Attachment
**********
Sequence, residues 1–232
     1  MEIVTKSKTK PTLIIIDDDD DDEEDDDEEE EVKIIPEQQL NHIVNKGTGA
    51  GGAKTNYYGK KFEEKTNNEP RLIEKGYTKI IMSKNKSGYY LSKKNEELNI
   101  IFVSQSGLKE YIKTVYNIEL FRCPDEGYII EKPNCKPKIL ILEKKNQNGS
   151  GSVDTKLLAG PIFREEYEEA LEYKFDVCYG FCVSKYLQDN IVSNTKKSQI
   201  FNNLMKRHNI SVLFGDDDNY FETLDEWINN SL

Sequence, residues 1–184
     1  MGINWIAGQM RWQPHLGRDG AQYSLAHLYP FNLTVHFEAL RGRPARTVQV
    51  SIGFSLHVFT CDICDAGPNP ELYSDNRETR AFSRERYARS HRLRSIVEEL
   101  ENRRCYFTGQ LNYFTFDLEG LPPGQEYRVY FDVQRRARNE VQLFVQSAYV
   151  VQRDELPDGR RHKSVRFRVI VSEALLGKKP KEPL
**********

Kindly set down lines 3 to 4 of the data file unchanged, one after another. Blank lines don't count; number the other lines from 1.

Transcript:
    51  GGAKTNYYGK KFEEKTNNEP RLIEKGYTKI IMSKNKSGYY LSKKNEELNI
   101  IFVSQSGLKE YIKTVYNIEL FRCPDEGYII EKPNCKPKIL ILEKKNQNGS